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Review of Vista Lights 2009 by Mary Bentz Gilkerson

Issue #22.47 :: 11/24/2009 – 11/30/2009
From the Free Times

Vista Lights Shows Gradual Comeback in Local Art Market
Galleries Showing Diverse Works
by
MARY BENTZ GILKERSON

The annual Vista Lights celebration, held the Thursday before Thanksgiving, is one of the markers of the beginning of the holiday season in downtown Columbia. Judging by the number of red dots on the walls beneath artworks at Vista galleries by Saturday afternoon, it looks like the area art market is making a slow, measured comeback.

There are more young and emerging artists showing their work this year in temporary exhibits in regular retail spaces. In addition, at least one of the galleries is focusing on young or emerging artists.

The Carol Saunders Gallery features digital photomontages by Ginnie Saunders. The multi-layered images are complex and systemic in their structure. Jeff Donovan’s Hats series greets viewers from the windows of if ART Gallery where a range of work from gallery artists is displayed.

The resident artists’ exhibit at Gallery 80808/Vista Studios is one of the strongest in years.

At least part of the strength of the show comes from the contributions by Deanna Leamon and Kirkland Smith, who recently joined David Yaghjian, Laura Spong, Michel McNinch, Susan Lenz, Sharon Licata, Robert Kennedy, Pat Gilmartin, Heidi Darr-Hope, Jeff Donovan, Stephen Chesley and Ethel Brody in the space.

Smith’s Marilyn dominates the end of the main hall. Spinning off of Andy Warhol’s iconic Marilyn, Smith has created an equally large version completely made out of junk. In recycling both the image and the material, she has created a powerful statement about both disposable culture and beauty. Leamon’s large charcoal drawing Arms Akimbo and painted studies of heads continue her exploration of the fragility of the human form.

Brody makes a very consistent, strong showing in her group of works. The layering of color in the dense weave of lines creates visually rich surfaces that pull the viewer in. Spong’s work also uses rich layering of intense color in her intuitive painterly approach. Blazing Autumn, McNinch’s most evocative work, has strong contrasts in light creating a definite mood. Lenz continues her series of everyday heroes in her fiber and mixed media portraits. Chesley’s River, Reeds, High Wind shows the influence of his recent work in black and white.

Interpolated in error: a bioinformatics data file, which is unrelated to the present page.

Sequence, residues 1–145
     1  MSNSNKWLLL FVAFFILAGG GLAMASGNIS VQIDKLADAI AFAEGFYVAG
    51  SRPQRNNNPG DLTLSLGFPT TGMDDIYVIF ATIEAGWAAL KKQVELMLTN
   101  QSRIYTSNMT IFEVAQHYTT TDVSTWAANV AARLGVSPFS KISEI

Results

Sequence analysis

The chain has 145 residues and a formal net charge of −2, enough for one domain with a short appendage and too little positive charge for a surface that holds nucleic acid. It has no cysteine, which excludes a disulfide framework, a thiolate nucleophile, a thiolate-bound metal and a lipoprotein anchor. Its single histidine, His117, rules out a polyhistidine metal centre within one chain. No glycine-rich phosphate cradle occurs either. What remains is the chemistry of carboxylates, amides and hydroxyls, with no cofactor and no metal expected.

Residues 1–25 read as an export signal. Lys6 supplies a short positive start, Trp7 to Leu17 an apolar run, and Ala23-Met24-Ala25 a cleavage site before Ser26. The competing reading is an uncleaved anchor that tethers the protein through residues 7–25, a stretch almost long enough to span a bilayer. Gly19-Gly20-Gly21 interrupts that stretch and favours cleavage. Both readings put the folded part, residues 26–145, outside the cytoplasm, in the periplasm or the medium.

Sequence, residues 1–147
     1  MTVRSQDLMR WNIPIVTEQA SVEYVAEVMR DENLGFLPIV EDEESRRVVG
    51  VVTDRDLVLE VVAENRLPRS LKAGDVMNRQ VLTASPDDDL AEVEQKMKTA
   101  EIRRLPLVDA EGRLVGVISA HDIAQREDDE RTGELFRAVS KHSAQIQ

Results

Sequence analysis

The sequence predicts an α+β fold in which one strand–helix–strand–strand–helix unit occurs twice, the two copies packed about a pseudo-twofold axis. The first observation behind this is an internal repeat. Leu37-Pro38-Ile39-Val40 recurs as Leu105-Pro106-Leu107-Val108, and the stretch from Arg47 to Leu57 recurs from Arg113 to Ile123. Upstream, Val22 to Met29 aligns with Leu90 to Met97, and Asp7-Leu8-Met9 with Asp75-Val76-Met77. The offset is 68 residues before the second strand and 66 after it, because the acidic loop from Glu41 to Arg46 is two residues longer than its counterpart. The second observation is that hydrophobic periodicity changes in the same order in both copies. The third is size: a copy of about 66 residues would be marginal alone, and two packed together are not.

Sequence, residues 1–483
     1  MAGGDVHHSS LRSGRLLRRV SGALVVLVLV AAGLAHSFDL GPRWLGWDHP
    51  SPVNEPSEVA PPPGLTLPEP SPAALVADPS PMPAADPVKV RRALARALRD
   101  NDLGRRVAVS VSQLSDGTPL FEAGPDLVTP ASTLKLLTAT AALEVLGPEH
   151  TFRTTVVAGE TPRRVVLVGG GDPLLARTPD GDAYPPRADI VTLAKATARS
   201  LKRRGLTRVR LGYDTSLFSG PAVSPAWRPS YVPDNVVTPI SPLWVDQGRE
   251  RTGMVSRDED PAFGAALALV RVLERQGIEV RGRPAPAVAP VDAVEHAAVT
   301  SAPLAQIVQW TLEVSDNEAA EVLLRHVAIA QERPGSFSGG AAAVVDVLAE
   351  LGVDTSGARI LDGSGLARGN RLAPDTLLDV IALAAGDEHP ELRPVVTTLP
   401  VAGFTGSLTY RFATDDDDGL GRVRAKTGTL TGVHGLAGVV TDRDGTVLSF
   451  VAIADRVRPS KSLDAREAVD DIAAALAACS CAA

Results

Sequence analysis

Several 80808 artists are experimenting with new directions or materials. Darr-Hope’s new works on paper share many of the same concerns as her small fiber pieces. Rich colors, symbolic forms and text give them the feel of manuscript pages. Donovan and Yaghjian are also using different media that give their familiar imagery a fresh feel.

The three-dimensional work in the show is equally strong. Gilmartin’s Crow-matic Quanday is a quirky piece with a sense of humor. Kennedy’s clay portrait head has the feel of a classical Roman bust. Licata’s rough stone piece, Ancient Eight, packs a monumental feel into its small scale.

City Art is featuring the work of Wanda Steppe and Harriet Goode, two painters with very different styles. Steppe’s pieces are highly finished, representational in the way that they depict the subject matter but somewhat surreal in the combination of subjects. Peaches in a Night Sky pairs orange and gold fruit on a shelf in front of a dark indigo nighttime tree line. There is a play on illusion in that the viewer can’t tell whether the landscape behind the shelf is a backdrop or the actual physical space behind the still life.

While Goode still employs a representational subject in her work, she uses it more as a motif to organize her exploration of form and mark. The very general outline of a human figure appears in almost all of her pieces, as in Riddle. The form is sometimes recognizable as a female one, sometimes not.

Most of the exhibits will remain up for several more weeks. For the moment the Vista still dominates the local visual art scene. Just because you might have missed the main night doesn’t mean you’ve missed it all. Take an afternoon and stroll through all of the galleries.

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